On our SEO blog, MoreVisibility's SEO team offers insights and actionable information for novices and webmasters alike. Gain valuable information about technical SEO and learn the nuances of content production and optimization - for your website, mobile site, and offsite efforts. From "best practices" primers to thoughts on strategy and the intersection between SEO and usability, our SEO experts will guide you through today's pertinent SEO techniques and ideas.
To stay up to date on our SEO blog, subscribe to our feed.
A basic rule of website design is that the site should provide a positive user experience to its visitors. While it’s true that a site that’s invisible to search engine robots might not get many visitors, it’s also true that a site that fails to consider humans is unlikely to keep those visitors – much less sell them anything. Search engine optimization and user experience are both crucial for a successful site and, much as I hate to say it, user experience, like content, is king. Unfortunately, traditional web design often misses the mark on both fronts.
Whenever a particular search engine optimization strategy is deemed to be less than kosher, a common condemnation is: “well, it might be interpreted as spamming”. For lots of our clients, that kind of comment isn’t viewed as helpful. Of course, they’re not spamming! What an idea! How could anyone see optimization for keyword search as spam?
Interestingly enough, identifying spam isn’t all black and white even for humans. When compiling the WEBSPAM-UK2006 database, researchers found that a central problem with many data sets in spam research was the lack of agreement between studies and even individual researchers as to what exactly qualified as spam. The identification process was analogized to that of confidently distinguishing pornography from art — in many cases, it is in the eye of the beholder.
So, what’s the answer? The growing focus on the duplicate content filters in search engine algorithms over the past few years have shown that things can change and can affect your rankings even when you didn’t do anything at all differently. How can you be sure that next year your efforts at keyword content optimization won’t suddenly put your site on the wrong side of the dividing line between good rankings and banishment?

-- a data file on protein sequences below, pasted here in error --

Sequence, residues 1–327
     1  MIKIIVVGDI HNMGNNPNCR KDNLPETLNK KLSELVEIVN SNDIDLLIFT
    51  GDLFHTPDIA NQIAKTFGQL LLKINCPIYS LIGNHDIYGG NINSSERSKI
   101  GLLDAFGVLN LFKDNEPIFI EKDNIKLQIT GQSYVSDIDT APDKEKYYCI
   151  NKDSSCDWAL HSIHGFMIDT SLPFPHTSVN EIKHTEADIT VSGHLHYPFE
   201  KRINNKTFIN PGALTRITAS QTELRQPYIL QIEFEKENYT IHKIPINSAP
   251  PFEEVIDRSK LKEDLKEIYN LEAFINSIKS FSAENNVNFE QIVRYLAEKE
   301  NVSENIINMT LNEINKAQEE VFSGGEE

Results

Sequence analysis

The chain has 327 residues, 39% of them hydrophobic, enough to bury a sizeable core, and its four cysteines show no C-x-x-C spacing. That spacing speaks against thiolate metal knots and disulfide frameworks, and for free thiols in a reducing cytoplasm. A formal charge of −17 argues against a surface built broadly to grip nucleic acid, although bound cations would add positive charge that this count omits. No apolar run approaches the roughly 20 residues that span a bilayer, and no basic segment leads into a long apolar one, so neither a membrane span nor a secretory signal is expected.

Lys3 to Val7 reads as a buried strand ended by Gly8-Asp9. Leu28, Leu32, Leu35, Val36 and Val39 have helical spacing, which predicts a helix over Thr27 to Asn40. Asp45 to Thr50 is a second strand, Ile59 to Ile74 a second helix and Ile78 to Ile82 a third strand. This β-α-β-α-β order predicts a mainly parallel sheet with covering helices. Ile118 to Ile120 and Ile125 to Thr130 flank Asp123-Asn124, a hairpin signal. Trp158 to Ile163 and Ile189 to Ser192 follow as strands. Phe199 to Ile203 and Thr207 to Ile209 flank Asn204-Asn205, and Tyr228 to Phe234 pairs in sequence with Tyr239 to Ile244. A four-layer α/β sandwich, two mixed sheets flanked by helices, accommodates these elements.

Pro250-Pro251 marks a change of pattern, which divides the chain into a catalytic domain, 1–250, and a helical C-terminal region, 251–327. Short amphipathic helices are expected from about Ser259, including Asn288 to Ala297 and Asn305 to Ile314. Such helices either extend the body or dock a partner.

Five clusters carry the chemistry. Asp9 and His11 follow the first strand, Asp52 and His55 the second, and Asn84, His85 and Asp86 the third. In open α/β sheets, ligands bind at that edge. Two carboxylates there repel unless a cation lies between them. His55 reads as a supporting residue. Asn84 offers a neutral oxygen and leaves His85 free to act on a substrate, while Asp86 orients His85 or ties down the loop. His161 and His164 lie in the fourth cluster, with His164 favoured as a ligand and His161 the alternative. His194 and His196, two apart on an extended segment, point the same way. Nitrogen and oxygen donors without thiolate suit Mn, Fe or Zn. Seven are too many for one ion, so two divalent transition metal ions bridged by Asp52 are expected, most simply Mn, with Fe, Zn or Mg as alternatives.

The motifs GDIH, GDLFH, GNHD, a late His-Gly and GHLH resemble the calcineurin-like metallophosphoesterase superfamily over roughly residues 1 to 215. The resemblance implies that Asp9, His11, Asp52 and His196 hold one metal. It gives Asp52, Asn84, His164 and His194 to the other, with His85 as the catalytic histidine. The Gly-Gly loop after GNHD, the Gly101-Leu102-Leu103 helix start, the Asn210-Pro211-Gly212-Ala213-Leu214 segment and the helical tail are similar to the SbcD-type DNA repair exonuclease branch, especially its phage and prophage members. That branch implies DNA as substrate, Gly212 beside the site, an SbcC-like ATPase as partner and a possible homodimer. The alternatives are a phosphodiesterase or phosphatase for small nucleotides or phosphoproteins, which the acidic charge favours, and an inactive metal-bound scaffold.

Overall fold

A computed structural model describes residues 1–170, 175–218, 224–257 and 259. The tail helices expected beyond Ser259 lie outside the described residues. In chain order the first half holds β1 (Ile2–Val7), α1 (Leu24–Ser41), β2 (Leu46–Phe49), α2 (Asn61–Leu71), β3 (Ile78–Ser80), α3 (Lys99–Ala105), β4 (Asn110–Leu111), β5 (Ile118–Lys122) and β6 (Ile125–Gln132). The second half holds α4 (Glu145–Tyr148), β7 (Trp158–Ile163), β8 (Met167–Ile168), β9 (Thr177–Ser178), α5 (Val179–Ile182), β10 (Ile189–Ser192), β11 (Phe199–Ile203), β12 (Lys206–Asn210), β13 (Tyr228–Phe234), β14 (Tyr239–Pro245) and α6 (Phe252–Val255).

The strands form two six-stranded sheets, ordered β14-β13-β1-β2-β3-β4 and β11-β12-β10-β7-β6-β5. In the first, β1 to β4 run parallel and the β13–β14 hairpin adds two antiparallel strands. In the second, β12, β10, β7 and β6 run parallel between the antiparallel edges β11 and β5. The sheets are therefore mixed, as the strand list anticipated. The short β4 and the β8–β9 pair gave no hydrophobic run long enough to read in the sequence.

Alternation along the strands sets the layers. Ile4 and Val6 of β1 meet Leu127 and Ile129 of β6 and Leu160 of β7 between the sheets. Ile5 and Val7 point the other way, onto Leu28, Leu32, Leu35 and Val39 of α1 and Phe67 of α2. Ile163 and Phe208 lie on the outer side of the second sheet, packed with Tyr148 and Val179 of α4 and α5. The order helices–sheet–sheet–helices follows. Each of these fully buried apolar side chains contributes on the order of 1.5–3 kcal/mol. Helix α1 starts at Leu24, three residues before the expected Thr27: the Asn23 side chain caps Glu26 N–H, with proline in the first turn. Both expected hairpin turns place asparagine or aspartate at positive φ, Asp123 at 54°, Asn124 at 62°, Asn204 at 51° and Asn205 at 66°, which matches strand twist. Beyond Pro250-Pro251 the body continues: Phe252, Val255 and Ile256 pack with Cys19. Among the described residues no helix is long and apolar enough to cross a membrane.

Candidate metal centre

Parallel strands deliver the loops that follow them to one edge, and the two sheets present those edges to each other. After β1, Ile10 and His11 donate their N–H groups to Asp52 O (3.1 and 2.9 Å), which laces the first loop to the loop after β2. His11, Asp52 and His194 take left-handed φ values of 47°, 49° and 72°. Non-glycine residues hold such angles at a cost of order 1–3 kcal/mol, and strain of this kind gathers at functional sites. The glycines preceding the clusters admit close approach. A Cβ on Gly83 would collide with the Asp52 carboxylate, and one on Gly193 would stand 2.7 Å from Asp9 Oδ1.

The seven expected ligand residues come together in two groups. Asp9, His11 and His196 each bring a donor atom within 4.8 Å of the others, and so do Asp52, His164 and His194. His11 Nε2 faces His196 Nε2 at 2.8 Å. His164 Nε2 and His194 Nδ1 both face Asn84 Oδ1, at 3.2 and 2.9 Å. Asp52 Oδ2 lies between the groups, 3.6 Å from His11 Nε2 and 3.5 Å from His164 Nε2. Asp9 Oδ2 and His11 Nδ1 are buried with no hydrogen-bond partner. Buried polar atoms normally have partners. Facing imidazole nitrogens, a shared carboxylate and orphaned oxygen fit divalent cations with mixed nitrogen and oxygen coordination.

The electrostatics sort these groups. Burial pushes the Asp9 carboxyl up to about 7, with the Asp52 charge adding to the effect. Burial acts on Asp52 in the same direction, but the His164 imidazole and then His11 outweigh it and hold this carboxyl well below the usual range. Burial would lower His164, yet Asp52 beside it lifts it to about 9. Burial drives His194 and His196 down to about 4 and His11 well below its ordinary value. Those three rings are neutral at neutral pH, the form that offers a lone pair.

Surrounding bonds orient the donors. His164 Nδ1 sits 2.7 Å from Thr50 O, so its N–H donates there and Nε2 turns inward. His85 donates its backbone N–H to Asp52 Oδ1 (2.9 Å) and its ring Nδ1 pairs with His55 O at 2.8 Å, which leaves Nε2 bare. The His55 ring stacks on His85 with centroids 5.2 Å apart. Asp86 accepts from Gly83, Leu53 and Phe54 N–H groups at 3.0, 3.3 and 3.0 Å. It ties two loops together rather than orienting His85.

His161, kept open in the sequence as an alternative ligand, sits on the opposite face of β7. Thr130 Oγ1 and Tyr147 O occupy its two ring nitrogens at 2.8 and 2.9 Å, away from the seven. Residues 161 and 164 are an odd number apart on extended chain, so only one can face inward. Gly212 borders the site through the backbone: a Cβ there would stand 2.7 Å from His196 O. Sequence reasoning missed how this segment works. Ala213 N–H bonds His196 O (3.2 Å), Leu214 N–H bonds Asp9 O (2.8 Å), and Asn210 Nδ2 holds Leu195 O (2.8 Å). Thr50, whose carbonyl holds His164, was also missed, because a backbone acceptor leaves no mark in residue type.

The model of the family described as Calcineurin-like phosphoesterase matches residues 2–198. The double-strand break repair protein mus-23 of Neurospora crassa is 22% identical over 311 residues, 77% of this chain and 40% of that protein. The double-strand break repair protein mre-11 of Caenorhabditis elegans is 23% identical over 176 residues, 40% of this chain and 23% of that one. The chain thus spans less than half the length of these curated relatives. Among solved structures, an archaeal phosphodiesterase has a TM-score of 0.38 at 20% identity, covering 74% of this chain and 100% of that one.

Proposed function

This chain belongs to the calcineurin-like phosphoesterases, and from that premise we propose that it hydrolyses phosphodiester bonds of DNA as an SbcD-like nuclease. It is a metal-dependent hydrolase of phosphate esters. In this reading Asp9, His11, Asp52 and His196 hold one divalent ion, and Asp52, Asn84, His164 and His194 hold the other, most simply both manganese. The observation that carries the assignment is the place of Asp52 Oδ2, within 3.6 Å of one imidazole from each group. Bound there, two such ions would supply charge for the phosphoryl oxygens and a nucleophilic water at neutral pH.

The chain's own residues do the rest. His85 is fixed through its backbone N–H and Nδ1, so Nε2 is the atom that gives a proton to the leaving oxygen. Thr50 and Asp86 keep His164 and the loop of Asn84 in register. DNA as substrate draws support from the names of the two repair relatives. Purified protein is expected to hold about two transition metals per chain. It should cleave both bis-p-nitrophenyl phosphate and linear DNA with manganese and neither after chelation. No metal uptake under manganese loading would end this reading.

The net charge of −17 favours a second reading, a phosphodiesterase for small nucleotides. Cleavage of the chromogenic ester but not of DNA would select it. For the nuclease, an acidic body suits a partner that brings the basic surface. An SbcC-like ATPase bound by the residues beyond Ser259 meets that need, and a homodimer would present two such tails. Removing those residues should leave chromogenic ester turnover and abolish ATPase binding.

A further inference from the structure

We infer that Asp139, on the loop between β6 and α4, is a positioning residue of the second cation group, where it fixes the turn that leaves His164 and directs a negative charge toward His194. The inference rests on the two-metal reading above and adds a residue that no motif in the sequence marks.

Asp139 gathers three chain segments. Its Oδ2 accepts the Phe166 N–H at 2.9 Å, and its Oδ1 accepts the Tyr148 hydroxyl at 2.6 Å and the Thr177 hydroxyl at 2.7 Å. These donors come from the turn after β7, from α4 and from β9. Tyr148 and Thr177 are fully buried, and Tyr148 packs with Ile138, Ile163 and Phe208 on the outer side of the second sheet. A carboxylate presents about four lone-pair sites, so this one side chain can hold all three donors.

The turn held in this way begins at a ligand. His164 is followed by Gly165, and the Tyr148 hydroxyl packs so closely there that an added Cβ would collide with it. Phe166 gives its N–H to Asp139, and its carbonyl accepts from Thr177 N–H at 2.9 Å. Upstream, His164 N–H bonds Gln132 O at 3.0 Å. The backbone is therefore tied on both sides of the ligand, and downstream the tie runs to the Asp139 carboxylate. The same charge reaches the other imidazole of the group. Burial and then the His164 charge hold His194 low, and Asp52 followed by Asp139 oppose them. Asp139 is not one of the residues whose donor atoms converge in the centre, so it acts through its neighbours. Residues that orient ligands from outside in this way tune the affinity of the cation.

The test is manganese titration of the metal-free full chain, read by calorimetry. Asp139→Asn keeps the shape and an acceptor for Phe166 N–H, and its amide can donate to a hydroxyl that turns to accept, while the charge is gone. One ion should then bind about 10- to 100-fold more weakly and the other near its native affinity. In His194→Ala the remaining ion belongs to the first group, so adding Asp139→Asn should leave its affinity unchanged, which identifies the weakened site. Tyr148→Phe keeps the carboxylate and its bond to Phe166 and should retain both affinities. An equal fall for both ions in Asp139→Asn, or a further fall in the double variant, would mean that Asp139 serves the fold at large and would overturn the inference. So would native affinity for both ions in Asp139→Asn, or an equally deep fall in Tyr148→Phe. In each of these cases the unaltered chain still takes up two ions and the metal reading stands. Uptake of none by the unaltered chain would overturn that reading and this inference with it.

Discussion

We think the best way is to produce a quality site that you know your human visitors will appreciate. To do that, you need to keep on top of new developments in search engine optimization by reading blogs and online articles just like you’re doing right now. What do you think? Let us know.
There is a debate among SEO professionals as to how quickly acquiring links can affect the ranking of a particular site. You can find several differing opinions about the subject, and other key factors in SEO, by reading http://www.seomoz.org/article/search-ranking-factors.
In my opinion, the major factor is whether or not the links are acquired naturally. Link farms can literally give you thousands of links almost instantaneously, but so can an article which gets a lot of attention in the social media circles. So what’s the difference?
The major difference is that a social media article generates links that are related to the content on your site and thereby relevant, whereas a link farm may provide links to pages that are completely unrelated to your content. This is a significant difference, as I have mentioned in some of my earlier posts. Links that are not relevant to the content on your page are not going to be counted.
I stated in my post Linking Can Be Scary, that a good strategy is to secure 1 link a week until you have more than 20 quality links, and 2 a week thereafter. I stand by that recommendation, however there can be exceptions. When you post an article on the social media sites like http://www.digg.com it can inspire people who are interested in your content to link to you. Because this can be somewhat viral, those links may come in rather quickly but the difference is that they are natural links (relevant to your copy).
As an example, we recently had a client who signed up for a link exchange that he saw in the newspaper (without asking us first). Almost immediately after receiving the links from this program, the client dropped out of the engines. We recommended that he stop purchasing links from this program, he did and two weeks later his rankings returned to what they had been before receiving a bunch of irrelevant links.
So while it is possible to generate many links quickly, it is imperative to avoid the traps that can harm you. Ask yourself, will associating myself with this site generate links that are closely related to my content? If the answer is yes, then go ahead with it. If not then it is best to steer clear.